I had not known the tragic story of Billie Holiday’s life, however, until yesterday. On a Twin Cities radio station, 89.3 The Current, the announcer said that she died fifty years ago, of heart disease and cirrhosis in a New York hospital. A police offer was outside her door, as she was under arrest for heroin possession at the time she died. How sad, I thought − and what a strange use of law enforcement resources.

Holiday’s song “Strange Fruit,” recorded in 1939, takes on the lynching of African Americans. Seventy years later, it’s still worth a listen.

Friday, July 17, 2009

Oneself as Another at the Sotomajor Hearings

In a country whose president launched a completely misguided “war on terror,” maybe it shouldn’t be surprising that a U.S. Senator could engage in a ridiculous skirmish against empathy.

The senator was named Jon Kyl (R-Ariz.), and he claims President Obama is "outside the mainstream" because Obama believes that one of the many qualities needed in a Supreme Court justice is a sense of empathy.

Sen. Kyl's antics recall the charcater in Alice in Wonderland who said "a word means only what I say it means." Forunately, language is more resilient than that, and a confused and mean-spirited U.S. senator cannot single-handedly reshape a word signifying a concept central to our humanity. Without empathy − intuitive understanding, emotional intelligence, the ability to imagine oneself as another − each of us is trapped within a metaphorical prison: the prison of the self. It is a commonplace that people without empathy are otherwise known as sociopaths.

Sen. Jeff Sessions R-Alabama), one of Kyl’s Republican colleagues, seemed to realize this when he asked Judge Sotomajor at her Supreme Court confirmation hearings about the New Haven firefighters case. Trying to comply with Title VII of the Civil Rights Act, the City of New Haven threw out the results of a promotional exam for firefighters in which no blacks had qualified for advancement. In Ricci v. DeStephano, white firefighers sued, claiming racial bias. Judge Sotomajor was part of a three-judge panel of the Second US Circuit Court of Appeals that upheld the city’s decision. The Supreme Court reversed the Second Circuit’s ruling in June, setting the stage for an attempt by Republican opponents of Judge Sotomajor’s nomination to make some political hay − or at least try to.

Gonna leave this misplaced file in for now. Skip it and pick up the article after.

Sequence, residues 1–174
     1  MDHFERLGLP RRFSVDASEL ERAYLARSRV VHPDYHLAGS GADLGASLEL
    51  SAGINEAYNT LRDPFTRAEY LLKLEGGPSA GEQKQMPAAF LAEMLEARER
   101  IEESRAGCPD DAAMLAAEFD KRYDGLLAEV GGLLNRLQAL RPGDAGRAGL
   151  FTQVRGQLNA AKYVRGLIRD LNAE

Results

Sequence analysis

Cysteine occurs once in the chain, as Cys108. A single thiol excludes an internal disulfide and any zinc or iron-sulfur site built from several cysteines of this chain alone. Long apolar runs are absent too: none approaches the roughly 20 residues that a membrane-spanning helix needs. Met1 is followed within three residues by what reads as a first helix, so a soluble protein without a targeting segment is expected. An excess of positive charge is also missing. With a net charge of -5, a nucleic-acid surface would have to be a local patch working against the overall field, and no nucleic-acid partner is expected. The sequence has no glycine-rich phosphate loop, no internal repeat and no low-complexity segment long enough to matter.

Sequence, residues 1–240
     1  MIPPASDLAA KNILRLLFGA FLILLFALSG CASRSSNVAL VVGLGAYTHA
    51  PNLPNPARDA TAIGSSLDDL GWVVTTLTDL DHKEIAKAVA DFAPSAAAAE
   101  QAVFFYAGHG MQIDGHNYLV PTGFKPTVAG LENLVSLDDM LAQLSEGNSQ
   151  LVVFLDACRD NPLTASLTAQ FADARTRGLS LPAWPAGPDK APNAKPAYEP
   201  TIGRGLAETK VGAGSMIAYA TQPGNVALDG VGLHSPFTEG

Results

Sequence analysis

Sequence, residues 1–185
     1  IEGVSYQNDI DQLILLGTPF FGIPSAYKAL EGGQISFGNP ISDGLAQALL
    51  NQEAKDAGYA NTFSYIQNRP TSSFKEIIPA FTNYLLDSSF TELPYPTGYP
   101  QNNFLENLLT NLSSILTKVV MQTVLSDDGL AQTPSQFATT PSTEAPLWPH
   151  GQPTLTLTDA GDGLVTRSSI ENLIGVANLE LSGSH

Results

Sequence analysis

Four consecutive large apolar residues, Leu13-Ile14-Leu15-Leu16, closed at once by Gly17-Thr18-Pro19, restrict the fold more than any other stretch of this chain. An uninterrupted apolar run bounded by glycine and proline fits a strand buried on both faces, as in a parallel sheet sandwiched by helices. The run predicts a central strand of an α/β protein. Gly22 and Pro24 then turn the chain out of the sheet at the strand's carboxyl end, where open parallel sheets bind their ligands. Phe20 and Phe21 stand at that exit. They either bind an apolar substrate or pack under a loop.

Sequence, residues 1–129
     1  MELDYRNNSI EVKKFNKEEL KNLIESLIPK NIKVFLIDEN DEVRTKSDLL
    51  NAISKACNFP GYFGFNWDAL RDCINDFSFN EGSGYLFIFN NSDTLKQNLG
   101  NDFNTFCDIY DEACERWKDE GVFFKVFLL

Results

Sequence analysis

Sen. Sessions wanted to know whether Judge Sotomajor cared about what the white firefighters may have felt when the appeals panel she served on rejected their racial bias arguments in a three-paragraph ruling. In other words, he was asking whether she empathized with them. Did Sessions appreciate the irony of this, given the overt attack on empathy made by his colleague Kyl? Good cop, bad cop: one senator says Sotomajor shouldn't be empathetic; the other says she
wasn't empathetic enough.

Capitol Hill dust-ups come and go, often leaving deeper issues unexamined entirely. For me, this one provides the impetus to connect with Paul Ricoeur’s book Oneself as Another. We cling too closely to individual identity in America, and our lack of empathy, both personally and collectively, reflects emotional impoverishment in the materially richest country in the world.